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right club foot with diabetes

by William
(Fourmile, Ky)

My right foot is twisted inward and ive walked on the right side of my foot my entire life. My current surgeon {smart guy just young and not enough experience} told me that when walking ppl use their heel and big toe so removing digits 4 and 5 would not effect the way I walked. Because I was clubbed foot you can see how this has effected me. After the removal of digits 4 and 5. the bones running up my foot that was connected to toes (4 and 5) started to work out the right side of my foot until they eventually did. Now I have(try to imagine) 3 toes with bones connected to a heal, but I still walk on the right side of that foot. If you look at it from the bottom it looks like im just walking on the bottom plate of my foot and because of the way my foot is twisted my big toe and the two others don't touch the ground when i walk (the pain is beyond belief). My question is , is it possible to somehow correct the angle of that foot to where my heel and big to are touching first when i take a step. My diabetes has been under 125 without medication, through diet and exercise for over a year now and ive build up plenty of strength. I have plenty of feeling in my foot and i can wiggle all my toes. Im even ticklish if a feather is moved down my foot. Im willing to do anything. (i would imagine) breaking my foot and realigning it in the correct position and then using metal pins to keep it straight, im desperate and i will try anything. I do not want to loose my foot witch has already been suggested. Please respond to this asap i will greatly appreciate any and all advice.


Hi William,

The first question I have is why were your fourth and fifth toes surgically removed in the first place? Were they painful when you walked because of the fact that your foot twists inward as a result of clubbing or had the toes become infected and perhaps gangrenous? I am stating the obvious when I say that unless they were bothering you in some manner, they should have never been amputated.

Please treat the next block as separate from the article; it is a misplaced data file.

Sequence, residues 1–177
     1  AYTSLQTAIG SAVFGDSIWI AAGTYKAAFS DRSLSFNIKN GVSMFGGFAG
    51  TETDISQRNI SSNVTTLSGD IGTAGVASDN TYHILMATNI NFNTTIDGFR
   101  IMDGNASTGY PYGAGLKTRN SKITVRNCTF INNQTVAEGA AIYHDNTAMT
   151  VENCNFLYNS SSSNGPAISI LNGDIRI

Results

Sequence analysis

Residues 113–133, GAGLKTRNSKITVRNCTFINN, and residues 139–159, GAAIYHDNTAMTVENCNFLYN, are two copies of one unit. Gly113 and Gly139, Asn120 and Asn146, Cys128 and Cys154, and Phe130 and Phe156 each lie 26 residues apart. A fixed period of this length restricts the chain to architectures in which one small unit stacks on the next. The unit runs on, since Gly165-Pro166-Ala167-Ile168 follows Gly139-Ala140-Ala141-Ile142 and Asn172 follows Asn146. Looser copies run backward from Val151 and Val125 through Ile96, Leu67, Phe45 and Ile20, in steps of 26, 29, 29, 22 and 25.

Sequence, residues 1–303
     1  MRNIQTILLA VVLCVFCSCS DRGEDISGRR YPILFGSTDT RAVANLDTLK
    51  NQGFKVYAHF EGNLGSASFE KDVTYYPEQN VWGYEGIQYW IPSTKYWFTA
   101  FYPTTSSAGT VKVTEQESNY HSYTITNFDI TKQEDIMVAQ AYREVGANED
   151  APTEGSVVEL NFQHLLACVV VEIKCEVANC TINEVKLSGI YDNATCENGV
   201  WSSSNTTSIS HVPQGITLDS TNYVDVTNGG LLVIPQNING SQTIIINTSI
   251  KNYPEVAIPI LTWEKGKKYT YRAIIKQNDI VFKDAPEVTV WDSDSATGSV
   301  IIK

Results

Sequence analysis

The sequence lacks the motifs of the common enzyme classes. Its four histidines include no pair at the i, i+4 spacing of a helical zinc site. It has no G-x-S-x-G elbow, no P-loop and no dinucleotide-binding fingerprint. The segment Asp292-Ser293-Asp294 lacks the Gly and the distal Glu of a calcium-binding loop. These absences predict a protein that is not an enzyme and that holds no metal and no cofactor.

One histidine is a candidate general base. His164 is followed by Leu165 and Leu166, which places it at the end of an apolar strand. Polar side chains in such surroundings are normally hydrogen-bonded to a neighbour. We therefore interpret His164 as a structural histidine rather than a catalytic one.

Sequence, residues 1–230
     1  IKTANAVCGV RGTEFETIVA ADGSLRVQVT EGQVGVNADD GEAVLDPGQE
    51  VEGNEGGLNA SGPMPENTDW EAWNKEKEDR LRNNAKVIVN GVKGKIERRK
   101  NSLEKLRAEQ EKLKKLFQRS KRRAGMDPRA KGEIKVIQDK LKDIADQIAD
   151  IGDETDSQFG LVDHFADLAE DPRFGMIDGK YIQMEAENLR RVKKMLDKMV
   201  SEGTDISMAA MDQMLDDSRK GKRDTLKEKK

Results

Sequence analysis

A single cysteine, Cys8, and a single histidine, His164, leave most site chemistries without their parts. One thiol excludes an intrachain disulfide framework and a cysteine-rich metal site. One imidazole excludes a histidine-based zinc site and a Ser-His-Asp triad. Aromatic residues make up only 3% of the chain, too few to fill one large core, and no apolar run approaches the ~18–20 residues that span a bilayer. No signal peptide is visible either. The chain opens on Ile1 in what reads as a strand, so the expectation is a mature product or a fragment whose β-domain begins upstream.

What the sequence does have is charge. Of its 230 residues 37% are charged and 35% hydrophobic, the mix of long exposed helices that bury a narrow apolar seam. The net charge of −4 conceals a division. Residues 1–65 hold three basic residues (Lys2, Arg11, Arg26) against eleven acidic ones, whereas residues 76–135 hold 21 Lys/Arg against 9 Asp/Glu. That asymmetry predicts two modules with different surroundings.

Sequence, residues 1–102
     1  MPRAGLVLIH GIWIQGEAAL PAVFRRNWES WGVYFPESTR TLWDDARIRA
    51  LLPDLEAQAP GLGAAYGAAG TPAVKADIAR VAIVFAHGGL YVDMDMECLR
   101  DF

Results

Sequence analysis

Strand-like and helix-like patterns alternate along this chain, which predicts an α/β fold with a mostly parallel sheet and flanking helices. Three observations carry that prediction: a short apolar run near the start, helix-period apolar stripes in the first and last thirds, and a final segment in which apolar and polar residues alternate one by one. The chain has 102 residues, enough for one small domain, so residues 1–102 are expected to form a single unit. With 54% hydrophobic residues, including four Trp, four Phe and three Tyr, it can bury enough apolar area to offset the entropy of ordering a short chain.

I wish I knew how old you are as that would be helpful in offering some insight into your predicament.

As you rightfully point out, your diabetes can be an issue in any further surgery. What I do know is that you obviously had adequate circulation so that your two toes were amputated and apparently there were no surgical complications as a result of inadequate circulation.

In general, in a normal foot people can get by and lead a normal life without their lesser toes (all but the big toe), as I have seen this over the years. We use the big toe to "propel" the foot off the ground as we walk.

So the problem for you is that you have a clubfoot and are minus the last two toes and apparently this is giving you much difficulty and pain when walking.

You have two options here. The first would be to try a custom made shoe that makes up for the deficiencies in your right foot in terms of structure and function. A special shoe can be made to allow more even distribution of body weight on your foot in a more "normal" fashion. I cannot give you specifics as I do not have the luxury of actually examining you.

The second option is that of reconstructive surgery. Again I cannot give specifics as I have not examined you. Assuming your blood sugars are controlled, your circulation is adequate and your neurological sensitivities in the foot are intact, (and you do not smoke), you may be a candidate for extensive reconstructive surgery.

Your foot complaints would have to be evaluated according to the type of foot structure you have and then a determination could be made as to what procedure(s) would be the most helpful for you.

The best piece of advice I could give you is to choose an experienced surgeon who has performed major reconstructive surgery on an ongoing basis. In general you may find this type of surgeon at a large university teaching hospital. This may require some travel on your part, but it will be well worth it. The problem here is that you are taking an abnormal foot and trying to make it more normal. In general you only get one chance at this. You do not want to become that person who keeps undergoing repeated surgeries to correct problems with the previous surgery. This rarely works out well for the patient.

Marc Mitnick DPM

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